If this ever becomes available for Mac, I'll grab it!
Your Future Self
A downloadable game for Windows, macOS, and Linux
You wake up. A disembodied voice tells you that you have been trapped in a time loop with your future self. They have committed a terrible crime in the near future, and - according to this voice - the only way you can escape the loop is to convince your future self of the wrongness of their actions.
It seems you have no choice but to follow their instructions, but that doesn't mean you should believe everything they say. As you progress in your conversation with your future self, it becomes very apparent that something is amiss. Someone is lying to you. The question is: who? And why?
If you want to be free, make sure you figure out the truth.
Think carefully. Think strategically.
...and good luck.
Your Future Self is a thrilling conversation-em-up with a unique conversational "battle" mechanic. It harks back to the aesthetics of text-based adventure games whilst deliberately subverting expectations of the genre.
The full soundtrack is available for free on bandcamp.
In order to download this game you must purchase it at or above the minimum price of $4.49 USD. You will get access to the following files:
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Should be a Mac version out within the next week :)
The Mac version's out now!
holy shit im shook as fuck?? hot damn
storyline is confusing in the best way. gonna let this marinate in my head for a bit. there's tons to think about, and that ending? holy shit man
only thing i wish was different was that there was a save function, but i guess that might ruin a part of it. oh well
love this game man! keep on keepin on dood
It is interesting to say the least. It would be a bit helpful to have a small tutorial to understand what I am looking at before anything else. But that's a small gripe on my end.
The story is pretty interesting. I look forward to the final chapter.
I was a little lost in trying to play this, though. I wasn't sure what the interface represented or how my choices affected things. I figured I'd pretty much just pick whichever option had the highest percentage, and that seemed to work out. But if doing that does end up being correct, it kind of trivializes all the decisions.
Oh, wait, I played with Helper Mode enabled, so maybe that's what that was. That's another thing I would critique, though, that I had to choose whether to enable it before starting, with nothing to explain what it was, and no way to guage whether I'd want it. I went back to see what happens without it, and it seems to just omit the percentages. But the "receptiveness" ratings still pretty much give away which answer to choose. And do the percentages mean there's an element of random chance regarding success?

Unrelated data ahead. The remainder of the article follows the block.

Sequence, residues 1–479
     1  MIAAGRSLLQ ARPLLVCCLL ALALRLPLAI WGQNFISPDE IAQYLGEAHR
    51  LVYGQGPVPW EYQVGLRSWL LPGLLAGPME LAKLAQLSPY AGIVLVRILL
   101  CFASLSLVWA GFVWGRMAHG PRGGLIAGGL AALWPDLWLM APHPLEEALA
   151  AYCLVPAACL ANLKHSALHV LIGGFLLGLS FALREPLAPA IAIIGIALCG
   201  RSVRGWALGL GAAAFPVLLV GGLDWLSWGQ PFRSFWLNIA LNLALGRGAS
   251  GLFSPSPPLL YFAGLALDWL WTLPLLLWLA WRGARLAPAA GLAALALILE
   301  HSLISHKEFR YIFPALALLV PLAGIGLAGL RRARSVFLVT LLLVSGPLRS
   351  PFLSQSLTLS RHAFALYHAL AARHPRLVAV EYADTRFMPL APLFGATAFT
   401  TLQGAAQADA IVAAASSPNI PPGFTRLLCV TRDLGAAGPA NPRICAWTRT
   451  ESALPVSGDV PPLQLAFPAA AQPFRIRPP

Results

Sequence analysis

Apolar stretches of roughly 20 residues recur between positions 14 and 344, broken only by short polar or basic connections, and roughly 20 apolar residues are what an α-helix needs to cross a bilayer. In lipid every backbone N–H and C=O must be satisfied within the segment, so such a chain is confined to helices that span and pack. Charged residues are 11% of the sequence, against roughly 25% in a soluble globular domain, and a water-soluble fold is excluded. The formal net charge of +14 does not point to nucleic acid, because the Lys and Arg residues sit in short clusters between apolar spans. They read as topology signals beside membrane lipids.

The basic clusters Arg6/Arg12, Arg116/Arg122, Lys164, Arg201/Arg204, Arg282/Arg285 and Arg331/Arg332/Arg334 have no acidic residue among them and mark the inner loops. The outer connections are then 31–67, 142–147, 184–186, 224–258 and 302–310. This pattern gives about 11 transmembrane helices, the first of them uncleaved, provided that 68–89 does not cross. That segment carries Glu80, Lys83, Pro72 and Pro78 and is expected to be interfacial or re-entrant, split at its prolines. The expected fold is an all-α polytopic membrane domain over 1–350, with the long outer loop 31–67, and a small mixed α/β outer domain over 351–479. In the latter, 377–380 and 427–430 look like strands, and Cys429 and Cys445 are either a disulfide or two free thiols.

None of that makes sense to me. Shouldn't I have to be figuring something out in order to get a success? But the way it is, either success comes from following what the receptiveness ratings show, which is trivial, or from getting lucky on random chances, which I don't have control over. Is there something else I'm supposed to base the decisions on? Otherwise, it seems like the gameplay element was included more for being plain interactive than for being actually interesting or fun.
The failure responses do kind of hint at why a choice fails, so maybe some strategy could actually be involved if the receptiveness ratings weren't shown. But then partially correct choices shouldn't just randomly succeed or fail. It would make more sense for you to simply gain a proportional amount of insight.
I don't really understand how the mechanics all fit together. What does "insight" represent? Any choice, even "failures," seem to move the narrative along regardless, providing the same information. The difference between a success and failure seems to be whether your future self becomes more receptive to you. But then labelling accumulative successes "insight" wouldn't really fit. And since insight is needed to unlock more of the narrative, I would expect it to be acquired by "questioning and doubting," like the game keeps saying. But picking the choices your future self is most receptive to doesn't really have anything to do with that...
On another note, I also found it hard to tell which text belonged to which character. It seemed like your spoken voice was yellow, your future self's voice was red, and then what looked like your thoughts appeared in green. But later the rebel voice was also green. And text also changes color during transitions, making things even more confusing.
One last thing I'll suggest is to allow us to refer back to what the last statement was when making a choice, so that we don't have to risk forgetting the context of it.
Anyway, those are my thoughts. I hope they can be of some help, and thank you for the game. The presentation is very impressive.